In my opinion, it remains an open question how far we are from the moment when national tax authorities shall reform the tax system and begin to tax turnover on each local market, not corporate profits.

As I see it, this is an important SRI issue.  In the future, MNCs will face rising pressure on local markets from local business, non-governmental organizations (NGOs) and the political spectrum, all of which will insist on SRI.

Emerging Markets ESG:  Which extra-financial theme – environmental, social or governance – is the most challenging for companies in Serbia to manage?

Professor Branko Ljutic:  International Financial Reporting Standards (IFRS) are obligatory for listed companies in Serbia. However, as explained above, the transition to a market economy is still underway in Serbia.  The quality of financial reporting needs to be improved.  At present it does not deliver basic reliable information, and therefore there is not yet any solid foundation for ESG disclosure.

In the area of corporate governance, there are widespread misperceptions that scholarly articles, books, requirements of the New Law on Corporations dated February 1, 2012 and many Codes of Corporate Governance are the essence, without understanding that there are real stakeholders whose interests should be served and balanced. So, in front of us in Serbia, there is more than a long road from words to actions.

Emerging Markets ESG:  Which extra-financial theme – environmental, social or governance – is the most challenging for investors in Serbian companies to analyze?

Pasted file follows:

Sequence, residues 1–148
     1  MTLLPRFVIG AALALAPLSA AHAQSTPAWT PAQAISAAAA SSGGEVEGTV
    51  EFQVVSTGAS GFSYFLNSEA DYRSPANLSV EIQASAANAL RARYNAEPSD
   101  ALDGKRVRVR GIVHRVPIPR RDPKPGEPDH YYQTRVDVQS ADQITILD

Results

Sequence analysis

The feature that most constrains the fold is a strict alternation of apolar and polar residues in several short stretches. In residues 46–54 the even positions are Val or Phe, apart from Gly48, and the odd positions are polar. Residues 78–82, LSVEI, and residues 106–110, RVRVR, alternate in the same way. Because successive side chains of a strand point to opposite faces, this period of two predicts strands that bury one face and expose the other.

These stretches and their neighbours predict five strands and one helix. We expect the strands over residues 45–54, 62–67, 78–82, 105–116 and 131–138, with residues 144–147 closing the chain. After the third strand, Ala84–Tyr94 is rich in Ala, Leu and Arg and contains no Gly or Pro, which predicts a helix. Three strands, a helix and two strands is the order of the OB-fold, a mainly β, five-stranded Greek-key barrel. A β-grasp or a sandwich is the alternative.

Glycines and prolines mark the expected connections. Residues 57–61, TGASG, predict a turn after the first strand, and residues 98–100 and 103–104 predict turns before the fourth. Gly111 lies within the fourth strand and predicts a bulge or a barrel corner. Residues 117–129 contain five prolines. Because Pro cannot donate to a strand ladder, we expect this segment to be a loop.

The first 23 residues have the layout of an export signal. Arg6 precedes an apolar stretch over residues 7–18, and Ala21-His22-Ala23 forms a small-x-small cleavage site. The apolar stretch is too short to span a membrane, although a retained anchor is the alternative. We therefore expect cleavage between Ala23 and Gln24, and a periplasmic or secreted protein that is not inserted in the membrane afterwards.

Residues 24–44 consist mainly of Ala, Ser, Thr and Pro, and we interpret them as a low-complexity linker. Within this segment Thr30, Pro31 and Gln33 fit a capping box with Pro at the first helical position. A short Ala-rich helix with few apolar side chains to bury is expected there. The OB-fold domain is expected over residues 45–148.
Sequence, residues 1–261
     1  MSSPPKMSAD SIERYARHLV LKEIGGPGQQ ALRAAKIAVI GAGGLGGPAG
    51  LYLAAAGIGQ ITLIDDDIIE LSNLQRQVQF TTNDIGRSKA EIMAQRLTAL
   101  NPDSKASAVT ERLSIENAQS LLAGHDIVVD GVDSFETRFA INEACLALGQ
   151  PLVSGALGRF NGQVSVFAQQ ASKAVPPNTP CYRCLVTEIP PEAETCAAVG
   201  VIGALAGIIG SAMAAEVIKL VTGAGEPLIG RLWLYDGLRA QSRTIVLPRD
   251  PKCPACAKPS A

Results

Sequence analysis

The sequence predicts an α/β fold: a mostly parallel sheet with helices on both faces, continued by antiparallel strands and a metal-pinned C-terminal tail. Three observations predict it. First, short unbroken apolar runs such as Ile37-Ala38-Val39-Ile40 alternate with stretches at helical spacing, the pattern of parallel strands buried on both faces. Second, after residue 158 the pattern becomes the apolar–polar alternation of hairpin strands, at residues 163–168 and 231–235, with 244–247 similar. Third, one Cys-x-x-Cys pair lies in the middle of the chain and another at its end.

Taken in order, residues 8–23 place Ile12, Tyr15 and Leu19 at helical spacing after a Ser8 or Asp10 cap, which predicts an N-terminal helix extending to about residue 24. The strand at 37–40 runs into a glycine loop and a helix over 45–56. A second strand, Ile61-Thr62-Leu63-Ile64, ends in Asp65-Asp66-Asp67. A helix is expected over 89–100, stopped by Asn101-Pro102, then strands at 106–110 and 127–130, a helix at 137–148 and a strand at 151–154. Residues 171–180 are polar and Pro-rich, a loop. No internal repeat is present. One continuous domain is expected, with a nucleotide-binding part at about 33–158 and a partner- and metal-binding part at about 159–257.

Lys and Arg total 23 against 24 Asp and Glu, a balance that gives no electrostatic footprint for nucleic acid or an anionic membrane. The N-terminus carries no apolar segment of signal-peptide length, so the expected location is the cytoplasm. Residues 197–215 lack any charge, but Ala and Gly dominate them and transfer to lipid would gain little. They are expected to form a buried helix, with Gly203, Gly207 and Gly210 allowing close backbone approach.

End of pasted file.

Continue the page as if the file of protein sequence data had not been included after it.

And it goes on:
Professor Branko Ljutic:  At present, there is not much to analyze, since there is little if any awareness about the concept of ESG disclosure.  For example, at present the concept is not present in scholarly research.  The first PhD thesis on this topic is now in progress. We shall have some preliminary data on ESG reporting in mid-2013.  At present, the concepts of ESG and SRI are viewed with skepticism in Serbia, for a number of reasons.  The general public questions whether CSR awards are in fact green-washing.  Also, the general public is not convinced that the corporate sector in Serbia practices social responsibility, in terms of corporate governance, for example, or environmental protection.

Emerging Markets ESG:  You have studied and taught in Croatia, Germany, Serbia, South Korea and the US.  In our opinion, what is the greatest challenge for Serbian business today, as it integrates into the European and global economy and financial system?  Is SRI on the business agenda in Serbia today? 

Professor Branko Ljutic:  Let me start from the end of your question, and to state straightforwardly that SRI is not on the business agenda in Serbia today.  In fact, it is not even present in the air as some kind of unspoken concept.

If we define a country strategy as a program focused on a successful future, the question is how to define a goal, and in what timeframe. At present, the national economy is sluggish, reforms are halfheartedly implemented and, in my opinion, there is no clear vision of a national strategy.

Serbia lost more than two decades of growth.  The question of how Serbia shall (re)integrate into the European Union (EU), NATO, global and regional financial institutions and the overall global economy is an important one – for the present and near future as well as for the next decade and next two decades.